Most acquisitions in the mining sector are value decreasing (and that’s putting it gently) for the unsuspecting shareowners of the purchasing company. Most banker meetings I have attended include a “pitch book”, which typically shows production/cash flow/resources all increasing and costs declining! What could be better? Rarely do they present a section on “Risks” or what might happen to the share price of the acquirer post announcement (this is referred to as the “settle” price). If a banker cannot state with confidence that the share price will increase for both buyer and seller, why do the deal? To paraphrase Seymour Schulich, the co-founder of Franco-Nevada, if you’re at a poker game and you can’t figure out within 30 minutes who the patsy is, you’re the patsy.
In previous letters we stated that our ideal acquisition would be a “world-class” royalty that would be in production, with a long mine life and would hold considerable exploration potential. As you probably know, this has not happened. The main reason is that we do not have sufficient cash to make this type of purchase today (despite having one of the strongest balance sheets among companies our size). We could raise equity or debt, but we don’t believe this is in our best interests. Personally, I have avoided debt at all costs and have no intention to start professionally. Leverage is addictive and what initially can be a wise business decision ends-up sinking the ship and shareholders will rightfully question who the business is being run for…the debt or equity holders.
You may be wondering just how much a world-class royalty will cost. I wish it was possible to give you a precise answer, but it ultimately depends on numerous variables. For the sake of argument we can assume a minimum of $100 million will be needed. Over time, I believe Abitibi Royalties has the potential to build its treasury to this point through capital appreciation of its shares in Agnico Eagle and Yamana, in addition to the continued improvement in our cash flow and by making other sound investments. This process will not happen overnight. We want to ensure our growth is managed in a way that does not harm existing owners through share dilution or debt.
I want to leave you with some M&A (merger and acquisitions) thoughts that were shared by Peter Munk, founder of Barrick, at that company’s Annual General Meeting a year before he stepped down as Chairman. His words left a considerable impression on me. Mr. Munk outlined how in the early 1990’s Barrick (then known as American Barrick) owned the best mine in the western hemisphere (if not the world) in Goldstrike, which is located in Nevada’s Carlin Trend. Barrick was riding high, producing 2 million ounces annually from that one property. However, Barrick then went out and acquired Lac Minerals. This was followed by the acquisition of Arequipa Resources, Sutton Resources, Homestake Mining, Placer Dome and finally Equinox Minerals. The company spent billions building new mines in the Dominican Republic and the high Andes during this time, among other locations. Mr. Munk concluded by saying that if only he had placed his feet on his desk in 1990 and done nothing for the next 25 years, Barrick’s share price would be higher today (you can argue much higher).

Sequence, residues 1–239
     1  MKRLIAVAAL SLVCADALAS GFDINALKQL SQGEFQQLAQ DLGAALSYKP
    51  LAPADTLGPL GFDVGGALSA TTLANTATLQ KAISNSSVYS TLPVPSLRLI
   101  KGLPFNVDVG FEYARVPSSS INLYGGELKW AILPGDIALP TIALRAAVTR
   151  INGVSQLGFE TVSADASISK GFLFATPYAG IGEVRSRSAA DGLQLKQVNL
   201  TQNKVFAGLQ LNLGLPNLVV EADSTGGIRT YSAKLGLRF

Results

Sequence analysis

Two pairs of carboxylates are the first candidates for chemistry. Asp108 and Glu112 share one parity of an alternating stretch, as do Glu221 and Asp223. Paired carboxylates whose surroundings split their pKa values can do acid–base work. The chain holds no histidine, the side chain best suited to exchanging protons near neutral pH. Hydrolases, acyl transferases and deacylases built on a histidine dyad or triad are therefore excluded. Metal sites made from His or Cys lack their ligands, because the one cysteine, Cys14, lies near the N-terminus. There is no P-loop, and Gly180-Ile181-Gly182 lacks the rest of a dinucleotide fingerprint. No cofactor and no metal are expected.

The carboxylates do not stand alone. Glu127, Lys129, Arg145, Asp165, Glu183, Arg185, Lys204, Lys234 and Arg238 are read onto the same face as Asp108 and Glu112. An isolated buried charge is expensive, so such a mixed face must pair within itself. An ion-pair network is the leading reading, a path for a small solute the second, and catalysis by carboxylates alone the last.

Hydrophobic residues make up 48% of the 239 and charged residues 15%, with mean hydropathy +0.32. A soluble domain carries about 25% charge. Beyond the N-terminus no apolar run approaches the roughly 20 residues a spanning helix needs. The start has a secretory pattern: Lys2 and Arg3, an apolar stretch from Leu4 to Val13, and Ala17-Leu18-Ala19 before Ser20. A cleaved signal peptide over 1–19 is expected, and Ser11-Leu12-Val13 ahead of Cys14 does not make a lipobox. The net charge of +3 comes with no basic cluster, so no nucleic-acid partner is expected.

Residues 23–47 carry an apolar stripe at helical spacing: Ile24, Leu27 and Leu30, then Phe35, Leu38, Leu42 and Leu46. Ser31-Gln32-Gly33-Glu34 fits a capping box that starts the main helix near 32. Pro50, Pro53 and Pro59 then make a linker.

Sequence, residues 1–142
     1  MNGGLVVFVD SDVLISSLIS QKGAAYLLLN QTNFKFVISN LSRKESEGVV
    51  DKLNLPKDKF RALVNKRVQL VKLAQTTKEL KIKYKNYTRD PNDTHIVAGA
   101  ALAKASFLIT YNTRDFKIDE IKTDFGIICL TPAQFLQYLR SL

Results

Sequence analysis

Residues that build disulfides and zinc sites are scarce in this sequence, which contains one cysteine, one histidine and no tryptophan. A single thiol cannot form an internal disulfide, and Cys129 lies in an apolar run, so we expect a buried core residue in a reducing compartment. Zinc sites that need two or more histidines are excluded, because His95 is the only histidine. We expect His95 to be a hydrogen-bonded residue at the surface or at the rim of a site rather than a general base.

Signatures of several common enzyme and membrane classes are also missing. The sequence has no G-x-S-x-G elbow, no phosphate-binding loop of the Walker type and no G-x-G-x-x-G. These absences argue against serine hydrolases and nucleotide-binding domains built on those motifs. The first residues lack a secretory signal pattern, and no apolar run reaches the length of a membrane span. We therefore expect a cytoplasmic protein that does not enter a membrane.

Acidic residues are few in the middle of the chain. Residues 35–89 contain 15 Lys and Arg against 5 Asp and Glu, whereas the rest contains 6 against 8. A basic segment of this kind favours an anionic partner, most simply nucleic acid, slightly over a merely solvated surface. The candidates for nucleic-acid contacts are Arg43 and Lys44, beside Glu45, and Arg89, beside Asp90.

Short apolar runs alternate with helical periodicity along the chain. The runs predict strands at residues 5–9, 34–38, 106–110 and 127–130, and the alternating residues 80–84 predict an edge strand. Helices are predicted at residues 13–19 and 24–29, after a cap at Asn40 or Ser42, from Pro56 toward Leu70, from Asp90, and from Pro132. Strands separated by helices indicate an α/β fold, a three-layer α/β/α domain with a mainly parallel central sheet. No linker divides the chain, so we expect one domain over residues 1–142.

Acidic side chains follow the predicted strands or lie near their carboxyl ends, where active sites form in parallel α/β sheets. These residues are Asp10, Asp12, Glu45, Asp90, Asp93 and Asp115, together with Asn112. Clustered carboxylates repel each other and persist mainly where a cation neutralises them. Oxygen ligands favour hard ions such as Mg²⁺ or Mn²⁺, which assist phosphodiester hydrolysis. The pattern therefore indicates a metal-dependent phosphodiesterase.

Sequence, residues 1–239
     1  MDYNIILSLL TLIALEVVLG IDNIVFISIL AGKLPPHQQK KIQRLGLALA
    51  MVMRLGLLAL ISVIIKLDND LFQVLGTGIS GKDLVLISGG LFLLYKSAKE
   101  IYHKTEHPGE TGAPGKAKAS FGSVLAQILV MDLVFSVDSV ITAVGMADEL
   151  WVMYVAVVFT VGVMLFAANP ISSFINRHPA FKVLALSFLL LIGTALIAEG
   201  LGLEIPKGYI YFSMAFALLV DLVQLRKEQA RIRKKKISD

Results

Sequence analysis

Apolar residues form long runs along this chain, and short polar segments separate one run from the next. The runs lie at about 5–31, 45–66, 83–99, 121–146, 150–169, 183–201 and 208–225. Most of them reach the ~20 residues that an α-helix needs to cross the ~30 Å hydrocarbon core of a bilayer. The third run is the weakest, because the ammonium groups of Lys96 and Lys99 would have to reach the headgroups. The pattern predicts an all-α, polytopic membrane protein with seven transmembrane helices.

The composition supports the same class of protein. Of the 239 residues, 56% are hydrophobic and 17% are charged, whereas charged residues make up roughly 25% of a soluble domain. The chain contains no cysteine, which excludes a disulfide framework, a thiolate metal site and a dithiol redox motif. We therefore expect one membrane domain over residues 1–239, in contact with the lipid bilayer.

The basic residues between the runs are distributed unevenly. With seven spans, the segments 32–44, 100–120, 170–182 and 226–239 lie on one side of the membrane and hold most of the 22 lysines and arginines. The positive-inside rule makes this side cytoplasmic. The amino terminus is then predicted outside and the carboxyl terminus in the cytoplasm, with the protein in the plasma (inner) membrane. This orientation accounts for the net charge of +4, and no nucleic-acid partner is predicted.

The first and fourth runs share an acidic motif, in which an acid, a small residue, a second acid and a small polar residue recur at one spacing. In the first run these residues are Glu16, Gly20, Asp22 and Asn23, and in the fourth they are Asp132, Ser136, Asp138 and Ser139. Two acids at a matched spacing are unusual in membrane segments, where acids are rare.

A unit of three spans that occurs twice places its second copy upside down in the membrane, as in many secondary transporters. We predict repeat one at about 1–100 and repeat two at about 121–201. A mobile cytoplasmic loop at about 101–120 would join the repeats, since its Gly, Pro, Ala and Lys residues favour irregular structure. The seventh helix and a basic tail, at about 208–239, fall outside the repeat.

6. Royalty Search – Growing the Business Organically
In 2015, we launched the “Abitibi Royalty Search” (www.abitibiroyalties.com). As most of our shareholders know, this is an online platform we created where companies and prospectors can upload their geological data and have the property taxes/claim fees paid by Abitibi Royalties in exchange for a royalty. This is providing one avenue of potential growth by having us invest a small portion of our cash flow for a potentially large return (also the cost of acquisition can be used to offset future tax). In order for us to agree to a transaction, the property needs to be near an operating mine, with good geology and have evidence of mineralization through previous exploration. With these items in place, we felt the odds of a royalty being successful would increase. The plan called for us to stay 80% gold and 80% North America.
Our objective has been to build a portfolio of 25-30 royalties around some of the world’s larger mines, with the goal that one or two would be successful. We view these as bolt-on acquisitions that resemble perpetual lottery tickets.
Since last year’s letter, we have increased our interest on some projects, in addition to acquiring several new royalties. Details are listed below:
- Increased the existing royalty on the Menderes project in Turkey, which surrounds Eldorado’s Efemckuru mine to 3% (previously 2%) for CDN$20,000.
- Increased the existing royalty on Nordic Minerals project near HudBay’s 777 mine in Manitoba to 3% (previously 2%) for CDN$4,500.
- Purchased a series of new royalties around Goldcorp’s Red Lake mine and New Gold’s Rainy River mine in Ontario for CDN$15,000 and CDN$16,000, respectively.
To date, approximately 140 properties have been submitted and 18 royalties have been purchased. Our total investment to date is approximately CDN$195,000. We seek to be the partner of choice in this part of the market, where the due diligence is fast, bureaucracy non-existent and the cheques are promptly sent. By building this portfolio, we are getting a lot of potential upside and limited downside. I am pleased to report that we are starting to see progress on the various properties, as the owners have started to complete surface sampling (with encouraging results), geophysical surveys and one project is now part of a joint venture. We like these type of investments and look forward to adding more royalties during 2017 and beyond.